GCSE History. I’m teaching the end of apartheid in South Africa to a very mixed ability class. We have got as far as the introduction of sanctions. I have decided that this is a very difficult concept that some in my class will struggle to understand. In my view, the best way to help them is to let them experience what trading under sanctions might be like.
So, I create The Sanctions Game. I choose a dozen countries from around the world. I allocate each a natural resource, or some expertise – something they can trade. The amount of resource they have depends on its value. For example:
- Saudi Arabia: 5 x oil
- Ecuador: 30 x bananas
- South Africa: 10 x diamonds
- UK: 15 x banking expertise
- Belgium: 20 x chocolate
And so on. (I know the valuations are all out of kilter but bear with me, they were only illustrative.)
The class will be put into groups of 2-3 and each given a country. Each country will start with the goods or expertise it produces, plus a list of all the goods and expertise it needs. So the UK might need to acquire an oil, five bananas and two diamonds, while Ecuador needs an oil, a diamond and ten chocolates.
The groups will then try to trade what they have for what they want. I hope that the differing values will encourage the development of various exchange rates: surely South Africa won’t swap a diamond for only one chocolate? There’s also another layer of trickiness: Ecuador, for example, needs nothing the UK has, but the UK needs bananas from Ecuador? So the UK needs to find out what Ecuador wants and trading banking expertise for some of that, before returning to Ecuador to make the deal. Brilliant. The winning country will be the first to acquire all the items on its shopping list.
After one round to get the hang of it, we will start round two. This time, every country will get a secret instruction. For all bar South Africa, it will say, “DO NOT trade with South Africa.” South Africa’s will say, “If anyone won’t trade with you, try to do it in secret.” Then the game will begin again. And lo and behold, everyone will realise that sanctions make life very hard for the country on the end of them, but also impacts the countries imposing them.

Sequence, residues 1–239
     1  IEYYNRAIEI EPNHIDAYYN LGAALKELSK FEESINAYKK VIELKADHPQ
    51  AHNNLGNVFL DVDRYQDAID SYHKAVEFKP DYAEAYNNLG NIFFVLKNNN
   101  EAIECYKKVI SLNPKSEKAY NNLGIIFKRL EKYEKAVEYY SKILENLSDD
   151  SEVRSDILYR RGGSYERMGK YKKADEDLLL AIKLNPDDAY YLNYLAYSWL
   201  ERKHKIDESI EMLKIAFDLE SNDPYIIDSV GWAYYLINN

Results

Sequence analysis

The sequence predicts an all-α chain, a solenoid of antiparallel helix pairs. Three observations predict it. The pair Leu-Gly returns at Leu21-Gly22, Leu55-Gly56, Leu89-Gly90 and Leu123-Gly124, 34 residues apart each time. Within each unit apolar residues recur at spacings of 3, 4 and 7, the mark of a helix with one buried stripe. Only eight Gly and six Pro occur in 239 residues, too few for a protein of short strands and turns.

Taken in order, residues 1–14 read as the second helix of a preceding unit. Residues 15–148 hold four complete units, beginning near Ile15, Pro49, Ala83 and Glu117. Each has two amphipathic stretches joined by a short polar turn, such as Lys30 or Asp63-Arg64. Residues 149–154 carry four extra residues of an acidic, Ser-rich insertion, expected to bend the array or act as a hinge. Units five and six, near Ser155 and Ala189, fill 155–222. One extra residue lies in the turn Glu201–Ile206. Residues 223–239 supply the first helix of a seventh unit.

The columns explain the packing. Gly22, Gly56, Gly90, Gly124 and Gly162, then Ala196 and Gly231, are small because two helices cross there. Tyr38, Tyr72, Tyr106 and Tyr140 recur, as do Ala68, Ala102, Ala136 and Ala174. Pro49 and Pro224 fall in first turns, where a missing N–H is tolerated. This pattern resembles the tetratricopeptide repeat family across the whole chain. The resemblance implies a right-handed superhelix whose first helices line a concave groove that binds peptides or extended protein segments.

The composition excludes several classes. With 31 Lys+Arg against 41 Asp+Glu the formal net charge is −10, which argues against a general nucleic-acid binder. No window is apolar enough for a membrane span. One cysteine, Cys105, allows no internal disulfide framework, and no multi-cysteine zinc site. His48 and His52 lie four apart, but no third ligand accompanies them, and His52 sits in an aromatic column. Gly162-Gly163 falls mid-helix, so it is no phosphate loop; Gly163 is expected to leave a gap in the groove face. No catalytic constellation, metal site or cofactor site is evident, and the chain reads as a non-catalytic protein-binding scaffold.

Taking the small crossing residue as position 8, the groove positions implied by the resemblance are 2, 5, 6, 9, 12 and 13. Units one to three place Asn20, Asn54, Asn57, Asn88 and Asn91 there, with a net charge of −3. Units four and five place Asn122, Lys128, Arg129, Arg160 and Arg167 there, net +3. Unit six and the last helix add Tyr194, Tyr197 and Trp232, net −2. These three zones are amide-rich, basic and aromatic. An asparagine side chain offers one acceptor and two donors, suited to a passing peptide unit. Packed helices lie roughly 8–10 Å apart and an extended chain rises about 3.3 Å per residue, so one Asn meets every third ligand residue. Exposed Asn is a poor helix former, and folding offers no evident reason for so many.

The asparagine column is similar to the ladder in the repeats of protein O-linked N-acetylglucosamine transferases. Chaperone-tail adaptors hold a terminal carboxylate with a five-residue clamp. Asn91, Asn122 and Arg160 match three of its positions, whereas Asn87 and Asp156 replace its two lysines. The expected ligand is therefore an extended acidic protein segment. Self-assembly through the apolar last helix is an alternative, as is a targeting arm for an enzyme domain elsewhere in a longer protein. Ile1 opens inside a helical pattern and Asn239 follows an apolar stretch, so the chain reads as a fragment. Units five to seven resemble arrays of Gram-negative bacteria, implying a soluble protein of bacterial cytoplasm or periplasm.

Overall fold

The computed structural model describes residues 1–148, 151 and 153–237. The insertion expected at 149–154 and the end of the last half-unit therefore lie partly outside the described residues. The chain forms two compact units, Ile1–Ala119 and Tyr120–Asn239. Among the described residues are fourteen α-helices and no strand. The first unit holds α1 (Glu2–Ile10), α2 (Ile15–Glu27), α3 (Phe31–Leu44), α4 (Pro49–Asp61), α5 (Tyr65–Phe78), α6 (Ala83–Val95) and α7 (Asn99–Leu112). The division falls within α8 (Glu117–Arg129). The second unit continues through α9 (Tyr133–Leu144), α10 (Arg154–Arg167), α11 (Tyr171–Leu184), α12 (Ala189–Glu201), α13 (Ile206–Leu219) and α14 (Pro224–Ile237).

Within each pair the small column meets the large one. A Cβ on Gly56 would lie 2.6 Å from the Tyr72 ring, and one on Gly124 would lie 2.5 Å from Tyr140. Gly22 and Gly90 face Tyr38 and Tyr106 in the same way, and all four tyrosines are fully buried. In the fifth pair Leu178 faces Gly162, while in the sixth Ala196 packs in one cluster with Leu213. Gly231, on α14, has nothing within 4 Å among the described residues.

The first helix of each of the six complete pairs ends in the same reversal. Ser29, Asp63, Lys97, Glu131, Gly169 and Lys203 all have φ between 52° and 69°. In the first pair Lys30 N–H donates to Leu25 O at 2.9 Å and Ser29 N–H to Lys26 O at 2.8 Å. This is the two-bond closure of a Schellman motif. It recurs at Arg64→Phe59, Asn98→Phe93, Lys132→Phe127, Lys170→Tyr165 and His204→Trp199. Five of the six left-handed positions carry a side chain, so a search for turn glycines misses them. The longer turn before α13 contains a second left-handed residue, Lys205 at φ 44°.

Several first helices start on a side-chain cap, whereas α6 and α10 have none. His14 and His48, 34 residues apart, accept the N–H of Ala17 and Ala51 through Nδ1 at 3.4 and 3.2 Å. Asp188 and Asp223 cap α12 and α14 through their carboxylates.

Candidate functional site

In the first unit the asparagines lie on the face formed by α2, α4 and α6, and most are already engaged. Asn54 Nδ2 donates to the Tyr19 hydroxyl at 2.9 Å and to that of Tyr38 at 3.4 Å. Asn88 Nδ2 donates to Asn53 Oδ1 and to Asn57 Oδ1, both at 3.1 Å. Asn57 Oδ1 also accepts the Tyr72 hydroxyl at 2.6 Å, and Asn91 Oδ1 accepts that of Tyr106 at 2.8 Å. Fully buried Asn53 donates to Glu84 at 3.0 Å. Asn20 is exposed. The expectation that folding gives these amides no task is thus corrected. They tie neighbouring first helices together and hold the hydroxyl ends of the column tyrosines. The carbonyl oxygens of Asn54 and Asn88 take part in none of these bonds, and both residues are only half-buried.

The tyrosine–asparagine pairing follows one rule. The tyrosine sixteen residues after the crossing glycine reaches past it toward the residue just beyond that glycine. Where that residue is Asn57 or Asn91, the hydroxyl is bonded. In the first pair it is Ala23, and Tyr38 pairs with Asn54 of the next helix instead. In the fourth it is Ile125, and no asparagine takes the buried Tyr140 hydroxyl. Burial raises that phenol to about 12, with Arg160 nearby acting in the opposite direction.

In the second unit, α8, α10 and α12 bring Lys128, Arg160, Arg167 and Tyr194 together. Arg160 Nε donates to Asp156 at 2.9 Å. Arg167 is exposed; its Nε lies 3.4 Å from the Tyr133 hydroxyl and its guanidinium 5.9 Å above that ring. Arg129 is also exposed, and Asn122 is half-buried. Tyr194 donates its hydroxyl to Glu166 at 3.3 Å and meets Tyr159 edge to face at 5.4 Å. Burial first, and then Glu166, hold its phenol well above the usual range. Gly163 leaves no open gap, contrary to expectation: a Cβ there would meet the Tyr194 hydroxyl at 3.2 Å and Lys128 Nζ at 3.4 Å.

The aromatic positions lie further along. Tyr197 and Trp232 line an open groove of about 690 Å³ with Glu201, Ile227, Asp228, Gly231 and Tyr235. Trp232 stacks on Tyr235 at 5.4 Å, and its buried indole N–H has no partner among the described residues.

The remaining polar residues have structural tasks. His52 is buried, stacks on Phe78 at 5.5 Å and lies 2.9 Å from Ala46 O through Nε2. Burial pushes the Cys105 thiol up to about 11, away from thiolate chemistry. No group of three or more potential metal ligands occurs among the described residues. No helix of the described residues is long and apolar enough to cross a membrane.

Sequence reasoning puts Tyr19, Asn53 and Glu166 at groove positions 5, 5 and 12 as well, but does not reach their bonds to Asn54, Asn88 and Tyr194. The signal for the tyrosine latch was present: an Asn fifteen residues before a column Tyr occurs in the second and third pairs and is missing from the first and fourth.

I spend hours creating the game. I find pictures of every commodity, copy and paste them so I have the right number, cut them all out and put them in envelopes. This means 30 pictures of bananas, each individually snipped; 20 chocolates; five oils, and so on. I write out the rules and the secret instructions.
Once in class, I explain the game. Several times. The first round finishes in about five minutes as no-one bothers with exchange rates – they just get what they want without worrying about how much things are really worth. It takes ages to return all the goods to their original homes for round two. When that starts, it turns out that everyone is perfectly willing to deal openly with South Africa, despite their instructions.
I end up explaining sanctions to them myself. They have no problem with it. It wasn’t even that big a part of the course.
I had enjoyed thinking up and making the game, and in some ways I’m still quite proud of it; it sounds fun, doesn’t it? But I spent far, far too much preparation time on it. Card sorts are bad enough, though I do quite like them sometimes. This, though, was a card sort on steroids. Think of the other things I could have been doing instead.
I had massively overestimated the complexity of the concept at hand, and equally underestimated the ability of my students to get to grips with it. Yes, sanctions are a bit tricky to get hold of. But I think I must have realised that at about the same time as having a brilliant idea for a game, and married the two. As a result, the pupils picked up very little about sanctions, had the topic built up in their minds as Something Very Hard, and wasted valuable lesson time.
What I learned
- To focus first on what I am going to teach, not how I am going to teach it. These days I only think about the latter when I am secure in the former. In this instance, even if the game had worked, the students would have gained only a superficial understanding of the pros and cons of sanctions. Nothing about why they were introduced, when, who by, on what goods and with what results.
- To remember that good teaching doesn’t require massive creativity. It does require clear thought, good explanations and appropriate tasks.
- That fun comes in many guises. It’s perfectly possible to have enjoyable lessons without games. In this case, for example, through an informed debate about the effectiveness, fairness and morality of sanctions. Less immediately grabbing than a game, but ultimately far more satisfying.
- That pupils are more likely to remember what they think about. As a result of the Sanctions Game they would have remembered that they had lots of little tokens and had to buy stuff. The sanctions element – the whole point of the exercise – was too much of an afterthought.
You can read my other Worst Evers here:
My worst ever disciplinary decision
My worst ever assembly announcement
My worst ever form time